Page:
by Walter Chaw Four teens on a double-date venture into the hills around California in search of an old, dotty professor only to learn that the crazy old bat's unleashed the spawn of Hell with a book written by the devil. When producer Jack Harris bought The Equinox ...A Journey Into the Supernatural (hereafter The Equinox) and hired B-hack Jack Woods to partially rewrite and reshoot it three years after its completion, he would insert a new character in evil, unibrowed park ranger Asmodeus (Woods), thus imposing a weird element of pervy grope cinema while handily washing away in a wave of lowbrow mediocrity most of what makes The Equinox so exceptional. Comparing the two versions (the revamp's title streamlined to Equinox) is an example of the difference between gifted amateurs pursuing a passion and slick exploitation artists applying their own interpretations (this time the burgeoning drive-in market) of where they might grab the quickest buck. For The Equinox to endure as an underground classic despite its co-optation is something like The Magnificent Ambersons maintaining its masterpiece status despite the non-existence of Welles's original cut. It's quite a relief, in other words, that Dennis Muren's The Equinox has survived for comparison's sake.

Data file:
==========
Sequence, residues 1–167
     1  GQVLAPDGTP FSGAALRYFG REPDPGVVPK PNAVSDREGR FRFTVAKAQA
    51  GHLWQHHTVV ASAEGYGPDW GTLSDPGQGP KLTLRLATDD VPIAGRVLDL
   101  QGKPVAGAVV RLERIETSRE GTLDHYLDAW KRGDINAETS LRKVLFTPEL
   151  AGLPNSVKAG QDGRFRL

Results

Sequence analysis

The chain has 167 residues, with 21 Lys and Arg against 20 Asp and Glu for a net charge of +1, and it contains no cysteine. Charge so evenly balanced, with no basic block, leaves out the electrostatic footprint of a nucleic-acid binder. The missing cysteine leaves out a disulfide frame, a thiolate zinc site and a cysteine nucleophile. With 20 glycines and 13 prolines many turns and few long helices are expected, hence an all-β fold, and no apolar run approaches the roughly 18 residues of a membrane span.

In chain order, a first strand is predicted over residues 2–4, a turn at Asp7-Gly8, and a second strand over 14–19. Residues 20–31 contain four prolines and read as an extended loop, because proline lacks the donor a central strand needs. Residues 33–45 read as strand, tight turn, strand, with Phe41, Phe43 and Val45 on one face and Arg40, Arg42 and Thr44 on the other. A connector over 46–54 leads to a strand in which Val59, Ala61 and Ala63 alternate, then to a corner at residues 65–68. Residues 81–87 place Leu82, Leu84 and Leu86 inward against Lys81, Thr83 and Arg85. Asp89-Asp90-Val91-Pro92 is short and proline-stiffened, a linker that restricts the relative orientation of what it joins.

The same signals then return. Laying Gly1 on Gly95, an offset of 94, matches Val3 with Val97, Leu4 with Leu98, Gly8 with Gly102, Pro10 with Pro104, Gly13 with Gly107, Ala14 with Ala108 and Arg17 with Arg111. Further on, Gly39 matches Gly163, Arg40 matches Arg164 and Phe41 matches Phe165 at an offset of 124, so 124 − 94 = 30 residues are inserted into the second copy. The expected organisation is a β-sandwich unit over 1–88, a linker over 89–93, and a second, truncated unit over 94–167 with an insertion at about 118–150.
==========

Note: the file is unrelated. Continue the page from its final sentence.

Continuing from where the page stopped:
Aguirre, der Zorn Gottes ****/**** DVD - Image A Sound B+ Commentary A BD - Image A- Sound B+ Commentaries A starring Klaus Kinski, Helena Rojo, Del Negro, Ruy Guerra written and directed by Werner Herzog
by Walter Chaw A work of holy madness about acts of holy madness, Aguirre, The Wrath of God is a transcendent, haunting film that defies description and captures, somehow, what it means to be human in all the venal, small, sometimes grand things that being human implies. Once seen, it's never forgotten, and upon repeat viewings, it's one of those pictures that makes you want to cry for no particular reason but that it is, in almost every non-quantifiable way, perfect, a film alight with invention, love, and passion--a memoir of the worm in the gut that demands blood and glory. Aguirre (Klaus Kinski) is an under-lieutenant in the bona fide Peruvian expedition of Gonzalo Pizarro (Alejandro Repullés) to find the lost city of gold, El Dorado, a fiction of the Peruvian Indians meant as a suicide pill for their conquistadors. Once the expedition bogs down in the mud of the rainy season, Pizarro sends nobleman Don Pedro de Ursua (Ruy Guerra) off with Aguirre on a satellite mission to scout a path ahead for the main body. Though neither party was ever heard from again, Aguirre, The Wrath of God proposes to tell the final days of Ursua's doomed men.
Auch Zwerge haben klein angefangen ***½/**** DVD - Image A Sound B+ Commentary A BD - Image A- Sound B+ Commentary A starring Helmut Döring, Gerd Gickel, Paul Glauer, Erna Gschwendtner written and directed by Werner Herzog